Bonds investors are grappling with the looming threat of stagflation. As recessionary risks accelerate, where can they seek refuge?
Regardless of where you turn, the spectre of the “S-word” – stagflation – looms. Driven by the US Federal Reserve (Fed), which has shown no sign of wavering in its commitment to tame inflation via hawkish rate hikes1, central banks worldwide have been forced to tighten or face importing inflation courtesy of currency depreciation.
Even as central banks tighten policy, snarled supply chains, the Russia-Ukraine war, and ongoing pandemic restrictions in China continue to feed inflationary pressures while weighing on growth. The World Bank expects global growth to hit 2.9% in 2022, compared to 5.7% in 2021 – reduced from an estimated 4.1% back in January 20222. This is leading to worries that many markets could enter a stagflationary period where the economy is contracting, yet inflation runs rampant.
Given such a possibility, it is worth exploring the implications of a stagflationary environment for global bond investors, beginning with a question.
The most important aspect of a stagflationary environment is rising yields as central banks raise interest rates to control inflation. Then, there are the added challenges posed by economic slowdown. This would increase default risk, particularly for lower-rated credits such as high-yield bonds. S&P recently predicted that the percentage of loss-making corporates globally could double to 17% by 2023 should interest rates and inflation continue to spike3. Such greater risks would inevitably be reflected in borrowing costs – driving yields up further.
In short, when it comes to its impact on bonds, stagflation is like inflation on steroids. However, we should caution against equating the current economic environment to, for instance, stagflationary episodes in the 1970s – they are substantially different. For one, the quantum of interest rate increases is tiny by comparison. Unemployment in the 70s was also at all-time highs4, in stark contrast to today’s tight labor market.
Although we may be a far cry from the 1970s, there is no doubt that stagflation is likely to have a negative impact on bond prices. And as the probability of stagflation continues to increase, the question for bond investors becomes –are there any havens?
We believe that one natural answer to this question is Asian local-currency government bonds. But before we delve into the reasons why, let us first look at why the US should be the last place for investors seeking to avoid the impact of stagflation.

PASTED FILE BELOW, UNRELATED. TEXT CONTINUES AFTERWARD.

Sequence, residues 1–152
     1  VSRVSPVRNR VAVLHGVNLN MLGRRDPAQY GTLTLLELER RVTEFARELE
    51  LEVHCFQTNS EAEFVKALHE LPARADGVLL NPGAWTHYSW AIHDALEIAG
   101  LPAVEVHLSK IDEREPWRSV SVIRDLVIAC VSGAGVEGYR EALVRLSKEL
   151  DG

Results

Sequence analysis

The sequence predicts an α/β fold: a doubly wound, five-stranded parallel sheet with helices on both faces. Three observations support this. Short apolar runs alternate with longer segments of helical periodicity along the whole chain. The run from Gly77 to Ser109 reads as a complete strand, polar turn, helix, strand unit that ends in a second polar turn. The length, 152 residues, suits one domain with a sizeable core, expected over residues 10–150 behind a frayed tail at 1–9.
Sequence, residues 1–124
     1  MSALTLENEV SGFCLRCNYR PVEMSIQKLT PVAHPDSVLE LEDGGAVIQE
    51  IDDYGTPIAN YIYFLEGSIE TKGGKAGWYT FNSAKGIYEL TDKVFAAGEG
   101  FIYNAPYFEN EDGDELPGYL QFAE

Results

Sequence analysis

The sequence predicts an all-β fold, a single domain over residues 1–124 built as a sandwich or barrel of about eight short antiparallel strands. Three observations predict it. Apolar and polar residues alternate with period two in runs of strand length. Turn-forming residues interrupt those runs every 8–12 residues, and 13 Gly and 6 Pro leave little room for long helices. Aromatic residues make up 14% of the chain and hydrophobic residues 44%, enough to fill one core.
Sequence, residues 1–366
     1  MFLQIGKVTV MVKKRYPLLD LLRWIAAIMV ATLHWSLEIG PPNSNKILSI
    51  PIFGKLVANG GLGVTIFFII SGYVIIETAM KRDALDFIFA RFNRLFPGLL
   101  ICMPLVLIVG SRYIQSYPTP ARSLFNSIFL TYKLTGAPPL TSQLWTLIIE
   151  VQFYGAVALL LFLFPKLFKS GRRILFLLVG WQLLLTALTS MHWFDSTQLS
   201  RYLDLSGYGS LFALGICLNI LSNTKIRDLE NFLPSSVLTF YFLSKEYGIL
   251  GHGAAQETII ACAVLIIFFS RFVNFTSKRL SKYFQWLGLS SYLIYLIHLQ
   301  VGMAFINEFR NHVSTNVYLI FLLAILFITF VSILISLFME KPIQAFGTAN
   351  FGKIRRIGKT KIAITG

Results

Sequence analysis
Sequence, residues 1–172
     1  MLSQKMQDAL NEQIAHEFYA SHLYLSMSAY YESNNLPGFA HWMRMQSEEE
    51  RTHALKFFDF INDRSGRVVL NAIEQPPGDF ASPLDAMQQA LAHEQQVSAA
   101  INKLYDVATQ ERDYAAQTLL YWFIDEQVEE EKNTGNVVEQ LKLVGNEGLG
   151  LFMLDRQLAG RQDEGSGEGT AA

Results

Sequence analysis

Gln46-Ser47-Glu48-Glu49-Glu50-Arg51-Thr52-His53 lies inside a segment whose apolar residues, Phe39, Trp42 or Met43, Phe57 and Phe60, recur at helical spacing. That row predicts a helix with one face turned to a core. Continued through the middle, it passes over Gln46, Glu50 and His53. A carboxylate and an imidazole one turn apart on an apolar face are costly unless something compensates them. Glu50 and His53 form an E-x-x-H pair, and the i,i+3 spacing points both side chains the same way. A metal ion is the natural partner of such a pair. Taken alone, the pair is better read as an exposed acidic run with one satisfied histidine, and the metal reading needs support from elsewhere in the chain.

With inflation remaining elevated, a recession would officially put the US into stagflation. And while the Fed is aiming for a so-called “soft landing” for the economy – whereby its rate hikes bring down inflation without triggering a recession – the odds are not in America’s favor.
Indeed, statistics show that out of the nine times the Fed has previously tried to bring down persistently high inflation – eight have resulted in a subsequent recession5. Based on that track record, that would be an 89% chance that the US is about to enter a slump, which would bring about at least a brief period of stagflation.
Contrast this to Asia, where economies and monetary conditions appear more resilient against the threat of stagflation.
Asia is by no means immune to stagflationary challenges. Yet, we assess such risks as significantly lower for two core reasons – lower inflation and recessionary buffers.
To begin with, inflation in Asia has been more measured compared to the West. Further, most of Asia’s central banks have already embarked on a tightening cycle to help ease such pressures. And while signs point toward inflation increasing in the near term, the odds of falling into a recession are still relatively low.
A recent economic survey showed that most economists put Asia’s chances retreating into recession at 25% or below6. When we dissect the data, it looks even more encouraging. Only South Korea is at 25%, while for China it’s 20%, Malaysia 13%, Thailand 10%, the Philippines 8%, and Indonesia 3%. Southeast Asian economies appear particularly resilient on the back of recovering tourism numbers and exports7, coupled with smaller interest rate increases.
As a final note, beyond the lower risks of stagflation for Asian economies, yields for most Asian local-currency government bonds appear to be peaking. For many markets, yields have already exceeded those seen in the Fed’s last hiking cycle back in 20188. This implies a decent possibility of a rally in these bonds as we move further into the second half of 2022.
While Asia may be the best chance for bond investors seeking refuge from stagflation, they should be wary of chasing yield at all costs. For instance, Asia’s high-yield bond sector is still feeling the after effects of China’s property-debt crisis9. In these uncertain times, sticking to more familiar issuance may be the way forward.
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